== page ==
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For me, I determine what the fastest acceptable landing speed is for a given body (I usually do 5-7m for munar landings, but higher if I don't trust my parachutes for the return trip). Then I pick a part or set of parts that are the designated impactors. Often I'll use wings for this role because, one, you can attach swept wings radially and they'll go below the part they're attached to. Two, they can act as stabilizers and drag sources during re-entry (which means you want them pointed backwards when you're going 1600 m/s or you risk flipping and blowing up). Three, they typically have impact speeds well above my tolerance threshold -- for example, tail fin has a 12 m/s tolerance, which is almost twice my 7 m/s target velocity. Even if a parachute is severely overloaded I don't expect it to go much higher than 10 m/s, so tail fin is a good small-vehicle landing candidate.

For larger landers, I like to attach my radial boosters to type A wings (the stubby, narrow wings) and this both decreases the likelihood of somethig blowing up on separation, and increases the base size of my lander if I land on my engines. If my lander is very tall I'll add swept wings to the outside of my radial boosters configured so that the swept wing tips coincide with the level of the engines. This gives me quite a large landing base that tends to be reasonably stable even on moderate slopes, even with pretty large craft.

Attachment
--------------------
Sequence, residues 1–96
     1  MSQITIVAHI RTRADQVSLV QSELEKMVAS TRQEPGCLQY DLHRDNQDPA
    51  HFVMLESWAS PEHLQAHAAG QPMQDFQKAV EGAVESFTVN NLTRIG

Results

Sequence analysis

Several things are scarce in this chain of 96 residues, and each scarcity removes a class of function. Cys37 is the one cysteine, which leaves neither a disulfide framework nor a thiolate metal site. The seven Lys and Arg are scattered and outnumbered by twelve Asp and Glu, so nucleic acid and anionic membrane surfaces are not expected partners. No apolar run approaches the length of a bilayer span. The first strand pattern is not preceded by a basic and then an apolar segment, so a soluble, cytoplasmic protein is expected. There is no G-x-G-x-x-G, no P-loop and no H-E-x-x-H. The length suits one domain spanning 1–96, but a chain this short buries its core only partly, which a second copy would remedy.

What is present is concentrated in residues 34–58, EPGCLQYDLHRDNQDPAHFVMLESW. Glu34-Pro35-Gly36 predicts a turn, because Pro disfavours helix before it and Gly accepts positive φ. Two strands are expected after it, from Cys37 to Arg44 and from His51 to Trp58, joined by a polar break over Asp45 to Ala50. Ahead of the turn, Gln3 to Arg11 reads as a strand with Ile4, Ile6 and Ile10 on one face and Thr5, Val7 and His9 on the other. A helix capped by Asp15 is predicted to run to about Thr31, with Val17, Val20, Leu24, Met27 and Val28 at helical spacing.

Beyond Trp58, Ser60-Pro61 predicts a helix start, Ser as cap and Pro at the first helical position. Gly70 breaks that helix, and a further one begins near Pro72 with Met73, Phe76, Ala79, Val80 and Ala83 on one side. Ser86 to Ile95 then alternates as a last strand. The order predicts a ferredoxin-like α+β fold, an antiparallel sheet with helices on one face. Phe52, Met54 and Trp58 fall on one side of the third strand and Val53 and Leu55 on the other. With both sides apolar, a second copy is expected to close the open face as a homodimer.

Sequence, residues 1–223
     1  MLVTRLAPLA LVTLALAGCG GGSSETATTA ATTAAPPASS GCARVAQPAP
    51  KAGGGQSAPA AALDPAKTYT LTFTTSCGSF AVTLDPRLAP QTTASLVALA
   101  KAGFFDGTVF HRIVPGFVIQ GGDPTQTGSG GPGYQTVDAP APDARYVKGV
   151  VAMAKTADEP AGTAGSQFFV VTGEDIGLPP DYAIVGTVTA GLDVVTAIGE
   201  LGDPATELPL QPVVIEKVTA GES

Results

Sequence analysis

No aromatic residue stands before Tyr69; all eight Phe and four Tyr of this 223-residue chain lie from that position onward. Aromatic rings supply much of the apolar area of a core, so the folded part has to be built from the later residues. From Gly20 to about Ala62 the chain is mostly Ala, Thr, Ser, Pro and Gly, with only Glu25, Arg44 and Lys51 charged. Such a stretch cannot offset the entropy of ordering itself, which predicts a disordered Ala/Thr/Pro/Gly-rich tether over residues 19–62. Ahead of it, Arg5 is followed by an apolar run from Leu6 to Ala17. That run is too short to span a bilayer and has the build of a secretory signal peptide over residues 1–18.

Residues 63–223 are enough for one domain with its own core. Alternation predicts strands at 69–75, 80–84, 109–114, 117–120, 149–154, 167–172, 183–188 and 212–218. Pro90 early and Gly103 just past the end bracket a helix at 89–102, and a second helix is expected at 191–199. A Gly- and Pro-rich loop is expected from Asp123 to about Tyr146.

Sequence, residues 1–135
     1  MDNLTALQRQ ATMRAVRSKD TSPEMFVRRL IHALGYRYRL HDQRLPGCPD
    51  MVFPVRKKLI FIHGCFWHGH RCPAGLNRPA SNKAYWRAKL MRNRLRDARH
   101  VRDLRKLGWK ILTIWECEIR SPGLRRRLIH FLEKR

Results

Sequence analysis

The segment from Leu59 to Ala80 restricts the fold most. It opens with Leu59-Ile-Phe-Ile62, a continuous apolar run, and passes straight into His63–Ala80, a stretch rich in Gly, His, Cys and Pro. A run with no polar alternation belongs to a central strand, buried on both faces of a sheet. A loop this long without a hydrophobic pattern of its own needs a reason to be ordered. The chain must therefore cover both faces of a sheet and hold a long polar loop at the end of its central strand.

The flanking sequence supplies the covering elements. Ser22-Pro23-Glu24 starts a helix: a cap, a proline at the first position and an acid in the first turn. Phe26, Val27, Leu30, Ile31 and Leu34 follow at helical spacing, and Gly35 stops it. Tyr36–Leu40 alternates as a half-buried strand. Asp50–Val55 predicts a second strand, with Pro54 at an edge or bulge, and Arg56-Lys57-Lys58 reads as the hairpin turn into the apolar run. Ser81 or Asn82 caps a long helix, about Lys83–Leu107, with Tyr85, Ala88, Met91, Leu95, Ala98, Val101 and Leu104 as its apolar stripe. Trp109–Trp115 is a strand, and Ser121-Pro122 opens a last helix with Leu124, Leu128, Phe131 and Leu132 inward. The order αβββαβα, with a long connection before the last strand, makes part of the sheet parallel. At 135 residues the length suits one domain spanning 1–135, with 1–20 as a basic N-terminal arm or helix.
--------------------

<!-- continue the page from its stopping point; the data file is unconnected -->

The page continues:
For a twin boar+2 Jumbo-64 tank booster, I'll upgrade the type A wing connecting it to the main stack, to type a B wing which increases the distance to the booster and also increases my wheel base even more.

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On 22-8-2016 at 5:13 AM, Wcmille said:

When selecting (non-wheeled) landing gear, how are you solving this problem:

Given a landing mass, gravity, and anticipated impact speed:

What is the correct gear count, type, spring strength, and dampening strength?